The School Of Rock
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School Of Rock, The (DVD)
Jack Black stars as a hell-raising guitarist with delusions of grandeur. Kicked out of his band and desperate for work, he impersona tes a subst itute teacher and turns a class of fifth grade high-achievers into high- voltage rock and rollers. Joan Cusack portrays th e principal of the pri vate school where Black is prepping the kids for a Battle of the Bands.]]>
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This is a fine DVD. It is not HD or Blue Ray, but it plays and looks great on my blue ray player.
There is really nothing wrong with the copy, and for that alone this would get 5 stars. But I rate dvds on their bonus material, especially the commentary, since this is where the added value is for me. And in this aspect, I think the value could be higher. The commentary was very half-assed. I don't mind the commentators goofing off or even digressing wildly - often this provides valuable insights into these personalities. But I expect a certain amount of discussion of the film, its production, the development of the story, the actors' interpretation of and improvisation with their roles, etc. The commentary section was very mediocre. Not bad, just not great. Hence 4 stars. If I was rating just the commentary, It'd be 2 stars.
The redeeming qualities come with the many other special features: the kids have a commentary track, and the kids have a video diary of the showing of School of Rock at the Toronto film festival; there is a fun music video of a song one of the kids (in the story line), and other such features. I found the kid stuff really fun. So many of them were so delightful in the film, it was great to get a sense of their real personalities.
Hope this helps.
Black plays Dewey Finn, a dedicated rocker who believes he and his band are on the verge of greatness, their main goal to win a locale battle of the Bands contest, get the prize money, recognition and, hopefully, a record contract. Problem is Dewey tends to 'rock hard' on stage, which his band members feel is clownish and not fitting in with the image they want to project. Thusly, Dewey soon finds himself voted out of the band and out of a means of income. To top things off his meek roommate, Ned Schneebly (Mike White) and Ned's overbearing girlfriend, played by Sarah Silverman, decide Dewey must move out due to his inability to pay rent. When it rains, it pours...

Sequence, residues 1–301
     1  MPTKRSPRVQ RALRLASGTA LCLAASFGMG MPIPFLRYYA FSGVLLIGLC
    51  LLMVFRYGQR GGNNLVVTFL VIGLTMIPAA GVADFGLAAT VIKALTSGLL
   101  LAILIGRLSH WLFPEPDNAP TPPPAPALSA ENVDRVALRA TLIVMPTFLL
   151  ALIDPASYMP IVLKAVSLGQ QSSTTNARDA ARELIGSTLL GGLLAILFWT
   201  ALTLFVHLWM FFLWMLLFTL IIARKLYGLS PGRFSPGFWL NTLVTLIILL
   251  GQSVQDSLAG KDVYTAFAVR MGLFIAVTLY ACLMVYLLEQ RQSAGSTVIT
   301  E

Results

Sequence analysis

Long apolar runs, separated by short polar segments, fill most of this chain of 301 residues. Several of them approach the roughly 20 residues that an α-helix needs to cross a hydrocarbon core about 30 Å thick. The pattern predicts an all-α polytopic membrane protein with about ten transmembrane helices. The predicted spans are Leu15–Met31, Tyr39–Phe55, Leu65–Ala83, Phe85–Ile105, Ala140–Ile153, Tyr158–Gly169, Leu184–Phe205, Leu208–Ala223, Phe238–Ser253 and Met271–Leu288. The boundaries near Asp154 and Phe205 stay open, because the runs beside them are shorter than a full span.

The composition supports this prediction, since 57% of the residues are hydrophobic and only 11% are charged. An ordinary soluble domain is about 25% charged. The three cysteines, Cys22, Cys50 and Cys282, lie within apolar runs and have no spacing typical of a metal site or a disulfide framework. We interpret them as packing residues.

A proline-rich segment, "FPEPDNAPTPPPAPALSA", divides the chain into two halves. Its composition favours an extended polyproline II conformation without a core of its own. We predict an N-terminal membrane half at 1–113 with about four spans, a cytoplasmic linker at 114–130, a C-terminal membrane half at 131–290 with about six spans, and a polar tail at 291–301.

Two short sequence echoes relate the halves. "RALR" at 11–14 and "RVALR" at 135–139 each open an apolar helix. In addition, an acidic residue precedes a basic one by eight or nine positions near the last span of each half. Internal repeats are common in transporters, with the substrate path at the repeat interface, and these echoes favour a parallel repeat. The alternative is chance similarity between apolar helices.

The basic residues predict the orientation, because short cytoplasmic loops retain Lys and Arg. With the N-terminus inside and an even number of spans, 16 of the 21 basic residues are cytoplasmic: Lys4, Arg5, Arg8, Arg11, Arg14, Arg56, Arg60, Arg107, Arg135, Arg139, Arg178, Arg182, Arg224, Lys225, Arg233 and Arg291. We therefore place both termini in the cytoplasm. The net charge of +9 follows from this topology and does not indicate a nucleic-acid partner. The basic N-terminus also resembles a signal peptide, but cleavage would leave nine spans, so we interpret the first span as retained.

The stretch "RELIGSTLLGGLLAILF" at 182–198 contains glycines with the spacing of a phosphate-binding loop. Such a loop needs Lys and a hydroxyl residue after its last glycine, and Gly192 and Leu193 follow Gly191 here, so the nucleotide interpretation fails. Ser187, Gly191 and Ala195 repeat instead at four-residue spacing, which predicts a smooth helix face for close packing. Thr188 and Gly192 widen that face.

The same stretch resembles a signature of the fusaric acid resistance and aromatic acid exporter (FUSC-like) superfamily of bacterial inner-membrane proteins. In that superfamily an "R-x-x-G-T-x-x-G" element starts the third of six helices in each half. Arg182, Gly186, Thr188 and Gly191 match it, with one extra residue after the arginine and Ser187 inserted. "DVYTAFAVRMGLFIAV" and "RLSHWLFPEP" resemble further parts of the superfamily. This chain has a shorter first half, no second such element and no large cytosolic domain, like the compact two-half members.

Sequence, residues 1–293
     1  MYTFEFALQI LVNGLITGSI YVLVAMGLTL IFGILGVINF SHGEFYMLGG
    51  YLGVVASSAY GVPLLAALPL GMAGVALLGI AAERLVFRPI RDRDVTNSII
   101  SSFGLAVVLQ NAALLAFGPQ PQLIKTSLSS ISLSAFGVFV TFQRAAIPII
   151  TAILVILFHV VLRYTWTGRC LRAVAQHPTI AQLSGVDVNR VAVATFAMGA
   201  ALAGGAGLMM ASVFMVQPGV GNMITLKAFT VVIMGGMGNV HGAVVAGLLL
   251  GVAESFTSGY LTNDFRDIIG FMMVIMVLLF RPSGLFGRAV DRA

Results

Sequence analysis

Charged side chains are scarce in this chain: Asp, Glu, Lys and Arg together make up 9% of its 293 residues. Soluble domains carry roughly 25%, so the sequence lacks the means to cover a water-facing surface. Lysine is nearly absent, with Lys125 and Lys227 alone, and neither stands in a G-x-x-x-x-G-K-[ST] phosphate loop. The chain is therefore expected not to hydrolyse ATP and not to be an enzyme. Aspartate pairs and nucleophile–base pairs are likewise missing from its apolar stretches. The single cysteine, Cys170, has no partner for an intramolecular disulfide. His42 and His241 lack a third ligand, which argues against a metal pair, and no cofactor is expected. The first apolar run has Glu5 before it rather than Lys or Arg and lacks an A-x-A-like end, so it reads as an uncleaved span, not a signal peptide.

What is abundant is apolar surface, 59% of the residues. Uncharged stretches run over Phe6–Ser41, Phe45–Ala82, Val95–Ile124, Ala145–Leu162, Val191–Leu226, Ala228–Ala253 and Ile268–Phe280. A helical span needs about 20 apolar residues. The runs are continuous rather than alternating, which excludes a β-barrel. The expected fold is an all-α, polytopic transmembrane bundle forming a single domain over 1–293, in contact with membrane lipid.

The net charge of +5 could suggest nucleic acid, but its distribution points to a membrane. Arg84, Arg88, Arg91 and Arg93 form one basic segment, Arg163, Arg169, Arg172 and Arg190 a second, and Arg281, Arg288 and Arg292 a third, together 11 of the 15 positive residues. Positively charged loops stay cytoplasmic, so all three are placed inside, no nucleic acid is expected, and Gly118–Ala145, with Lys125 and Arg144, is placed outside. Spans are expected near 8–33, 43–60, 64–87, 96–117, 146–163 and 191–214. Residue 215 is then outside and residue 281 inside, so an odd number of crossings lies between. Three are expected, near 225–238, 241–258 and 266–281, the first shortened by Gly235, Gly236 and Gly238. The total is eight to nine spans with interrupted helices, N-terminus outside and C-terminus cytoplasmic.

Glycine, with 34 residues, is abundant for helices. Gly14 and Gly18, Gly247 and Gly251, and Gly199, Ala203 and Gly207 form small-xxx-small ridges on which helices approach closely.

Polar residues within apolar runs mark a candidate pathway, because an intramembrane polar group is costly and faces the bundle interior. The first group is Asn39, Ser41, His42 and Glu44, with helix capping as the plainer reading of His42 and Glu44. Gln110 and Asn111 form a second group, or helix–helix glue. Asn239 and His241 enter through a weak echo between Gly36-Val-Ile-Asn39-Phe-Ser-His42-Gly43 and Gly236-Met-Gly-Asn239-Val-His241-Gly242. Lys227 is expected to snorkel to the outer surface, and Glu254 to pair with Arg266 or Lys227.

Anyway, while pondering thoughts of his situation, Dewey takes a phone call for Ned, who is a substitute teacher. An exclusive preparatory school needs someone to fill in, and on discovering the decent amount of money involved, Dewey pretends he is Ned, and takes the job. What was going to be some quick money soon turns out to be more as Dewey learns that the children are musically inclined, and gets the idea to try and build a band around the youngsters, and compete in the upcoming Battle of the Bands contest. He passes the idea off on the children as a secret school project, and thus their education into 'hard rockin' begins.
Jack Black is the star of this movie, no doubt, with his spastic energy and erratic nature, but he certainly has a lot of help with his great supporting cast including Joan Cusack as the principal of the school (I am truly glad to see her back on the big screen as of late all I've been seeing her in is annoying wireless phone commercials) and all the talented children that comprise his class. I was happy to see the filmmakers decided on going with a cast of relatively unknown children, rather than `cutesy', overused children we've seen in many other films. And these children can truly perform, not only with acting, but also with their ability with their respective instruments. The story is pretty classic one, a grown up somewhat forced into involvement with a group of children who soon finds he having an effect on his students, and, in turn, they are having an effect on him. Personal growth develops all around, and we all get the warm fuzzies. While some of other films of this nature tend to get a bit schmaltzy, The School of Rock seems to narrowly sidestep it, and avoids the tooth decaying sweetness so often involved in a stories like this one.
And let's not forget the music...Led Zeppelin, Cream, The Ramones, AC/DC, The Who and many more. I was glad to hear so many great, classic songs accompany the movie, enhancing the complete hard rocking experience that is The School of Rock.
Special features are numerous, encompassing around four hours of material, but the best part for me was the inclusion of Jack Black's video pitch to legendary rock gods Led Zeppelin to use their Immigrant Song within the film. Also included are separate commentaries by Black and the children, a video diary, trailers, interactive features, weblinks, a music video for the original song created for the finale, and more.
While the plot of the movie is pretty far-fetched and requires the viewer to suspend a great deal of belief, it worked for me and was a truly satisfying way to spend an hour and fifty minutes. If you liked Black and his musical abilities, you might want to check out his band, Tenacious D. The CD and DVD are both available here. I definitely look forward to seeing him in future projects.